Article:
Dogs, a subspecies of the gray wolf, are the first domesticated animals and have been the most widely kept working, hunting, and pet animals in human history. Fossil remains of dogs and wolves from Belgium, Ukraine, and Russia tentatively date domestication from 14,000 to 31,700 years ago, according to mutation rate assumptions. The dog’s value to human hunters-gatherers led to them quickly becoming useful across all cultures. Dogs perform several functions for humans, such as hunting, herding, pulling loads, protection, assisting enforcement, companionship and aiding the handicapped.
There appears to have been a symbiotic relationship between early humans and wolves. Wolves benefited from humans upright gait to see potential predators or prey through a larger range of view, use of tools for bringing down bigger prey and the control of fire for a plethora of reasons, i.e. warmth and mating. Dogs aided humans with improved sanitation around camps by eating food scraps, provided warmth to humans in extremely cold temperatures, and alerted humans to predators or strangers through there acute hearing and sense of smell. A 2004 study shows that hunter groups with dogs faired much better in cooperative hunting than the groups without dogs.
Humans and dogs have the most prevailing relationship or bond between differing species. Dogs were kept as pets for companionship. With suburbanization’s increase after World War II, the dog population skyrocketed. Dogs were kept outside as guard dogs, hunting dogs, children’s playmates or companions. Today the pet dog’s role has changed within the family. Dogs are more integrated in day-to-day family activities affecting their personality and behavior, thus broadening the concept of family and home. The wolf pack has changed to include humans. The owner defines what role their dog plays in the family, protector, newspaper fetcher, guard to inform owner of guests or an intruder.
Noting that domesticated dogs have a keen understanding of their surrounding’s social hierarchy (i.e. he who feeds me is boss); dogs clearly understand who is included in the family hierarchy. Once a person joins the family, dogs will defend at all costs. As depicted in this video , the pregnant mom is protected incessantly by the family dog when a man attempts to touch her stomach. Dogs definitely know who is family and most would not hesitate to put themselves in harms way to protect one of their own. Some dogs may have such a strong instinct to protect their family members that it causes unnecessary aggression towards others. That is why it is encouraged to hone the dog’s guard instinct early and often through regular training. Without this, a dog may attack children or adults outside the immediate family.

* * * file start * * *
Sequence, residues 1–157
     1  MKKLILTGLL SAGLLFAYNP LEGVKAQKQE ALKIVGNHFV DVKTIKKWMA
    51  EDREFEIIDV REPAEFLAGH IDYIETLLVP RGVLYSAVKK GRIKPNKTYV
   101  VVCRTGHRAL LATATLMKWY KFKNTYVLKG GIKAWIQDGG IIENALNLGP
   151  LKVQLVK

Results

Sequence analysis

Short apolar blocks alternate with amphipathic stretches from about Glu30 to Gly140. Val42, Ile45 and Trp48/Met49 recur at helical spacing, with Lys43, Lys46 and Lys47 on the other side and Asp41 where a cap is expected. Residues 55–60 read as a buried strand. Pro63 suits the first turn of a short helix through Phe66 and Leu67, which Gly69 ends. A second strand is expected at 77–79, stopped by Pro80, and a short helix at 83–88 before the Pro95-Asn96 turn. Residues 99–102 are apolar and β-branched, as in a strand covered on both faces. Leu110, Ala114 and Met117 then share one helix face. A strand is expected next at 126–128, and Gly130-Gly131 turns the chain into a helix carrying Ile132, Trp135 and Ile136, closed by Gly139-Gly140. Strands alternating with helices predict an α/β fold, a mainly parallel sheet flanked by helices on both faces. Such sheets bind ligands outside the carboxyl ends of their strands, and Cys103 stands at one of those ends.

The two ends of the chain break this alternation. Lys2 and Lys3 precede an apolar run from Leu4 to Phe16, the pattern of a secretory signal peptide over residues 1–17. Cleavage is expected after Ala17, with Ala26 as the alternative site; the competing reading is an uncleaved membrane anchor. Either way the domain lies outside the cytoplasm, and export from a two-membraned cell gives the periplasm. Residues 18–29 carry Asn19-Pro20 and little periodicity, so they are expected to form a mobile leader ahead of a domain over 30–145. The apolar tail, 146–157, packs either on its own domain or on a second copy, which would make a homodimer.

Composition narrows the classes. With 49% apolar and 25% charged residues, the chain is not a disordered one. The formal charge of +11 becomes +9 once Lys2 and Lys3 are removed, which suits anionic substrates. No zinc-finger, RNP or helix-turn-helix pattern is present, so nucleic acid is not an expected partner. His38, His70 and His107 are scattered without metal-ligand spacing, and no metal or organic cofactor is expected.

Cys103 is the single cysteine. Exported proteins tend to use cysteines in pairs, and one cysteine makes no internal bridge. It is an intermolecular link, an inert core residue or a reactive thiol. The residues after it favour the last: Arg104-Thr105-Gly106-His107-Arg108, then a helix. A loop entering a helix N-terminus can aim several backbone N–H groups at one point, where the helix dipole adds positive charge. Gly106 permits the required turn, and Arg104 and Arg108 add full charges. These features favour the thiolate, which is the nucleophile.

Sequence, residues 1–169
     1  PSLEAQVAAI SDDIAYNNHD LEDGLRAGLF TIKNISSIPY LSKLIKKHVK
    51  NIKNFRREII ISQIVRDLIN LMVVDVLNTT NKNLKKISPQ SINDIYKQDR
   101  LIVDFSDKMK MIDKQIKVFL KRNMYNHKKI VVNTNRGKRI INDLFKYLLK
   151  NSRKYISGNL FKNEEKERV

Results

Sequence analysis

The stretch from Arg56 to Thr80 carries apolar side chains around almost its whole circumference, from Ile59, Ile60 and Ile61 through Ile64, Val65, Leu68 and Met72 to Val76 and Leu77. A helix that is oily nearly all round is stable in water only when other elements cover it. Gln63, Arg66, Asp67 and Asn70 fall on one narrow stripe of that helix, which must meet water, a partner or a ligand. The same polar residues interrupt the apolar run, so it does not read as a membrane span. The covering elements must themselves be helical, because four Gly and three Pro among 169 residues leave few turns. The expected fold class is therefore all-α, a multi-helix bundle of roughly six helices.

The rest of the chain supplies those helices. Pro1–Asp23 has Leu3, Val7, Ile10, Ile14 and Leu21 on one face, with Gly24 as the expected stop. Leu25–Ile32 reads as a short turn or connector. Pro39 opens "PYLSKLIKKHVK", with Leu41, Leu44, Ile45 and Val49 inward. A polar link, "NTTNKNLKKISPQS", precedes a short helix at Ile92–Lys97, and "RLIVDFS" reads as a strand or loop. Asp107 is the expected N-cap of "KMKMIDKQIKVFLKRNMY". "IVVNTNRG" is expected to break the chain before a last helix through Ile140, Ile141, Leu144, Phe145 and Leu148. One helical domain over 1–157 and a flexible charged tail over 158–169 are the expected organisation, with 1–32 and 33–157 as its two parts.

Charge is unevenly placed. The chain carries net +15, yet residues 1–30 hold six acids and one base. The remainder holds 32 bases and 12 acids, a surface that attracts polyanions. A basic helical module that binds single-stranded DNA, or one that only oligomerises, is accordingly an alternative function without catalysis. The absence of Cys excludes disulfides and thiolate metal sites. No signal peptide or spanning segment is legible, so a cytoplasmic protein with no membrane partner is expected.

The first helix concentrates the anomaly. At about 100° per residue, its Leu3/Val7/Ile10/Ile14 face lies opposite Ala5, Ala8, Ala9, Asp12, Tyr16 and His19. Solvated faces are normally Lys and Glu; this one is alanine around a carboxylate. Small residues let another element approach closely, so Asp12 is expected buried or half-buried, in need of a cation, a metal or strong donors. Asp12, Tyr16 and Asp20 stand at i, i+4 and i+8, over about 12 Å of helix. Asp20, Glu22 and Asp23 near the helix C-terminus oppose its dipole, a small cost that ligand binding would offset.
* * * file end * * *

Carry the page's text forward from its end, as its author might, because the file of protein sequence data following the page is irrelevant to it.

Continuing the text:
Domestic dogs are smart. They are able to learn in a number of ways, even through simple reinforcement and by observation. Dogs go through a series of stages of cognitive development when dogs learn to interact intentionally with objects around it within 8 weeks of age. Puppies learn behaviors by following examples of older dogs. Dogs also learn through mimicking human behaviors. For example, a trainer places a box in front of a puppy and to retrieve the ball in the box, the trainer presses a lever to allow the puppy to play with the ball. After noting that the ball appears after the lever is pressed, the puppy was left alone with the box and quickly picked up that pressing the lever would allow the ball to be released so he could play with it.
According to researchers, some breeds make better guard dogs than others. Breeds that are lazy or too friendly may not respond to dangerous situations as more attentive breeds. Herding dogs know to keep the pack together by any means necessary. Some dogs may not have the patience or restraint to be a good guard dog. The breed is not as important as early and frequent socialization and effective training. This does not need to be specialized training. The average, good dog behavioral training is all a dog needs to be an effective guard dog and their natural instincts will do the rest. Based on the history between humans and dogs, the dog is man’s ultimate best friend.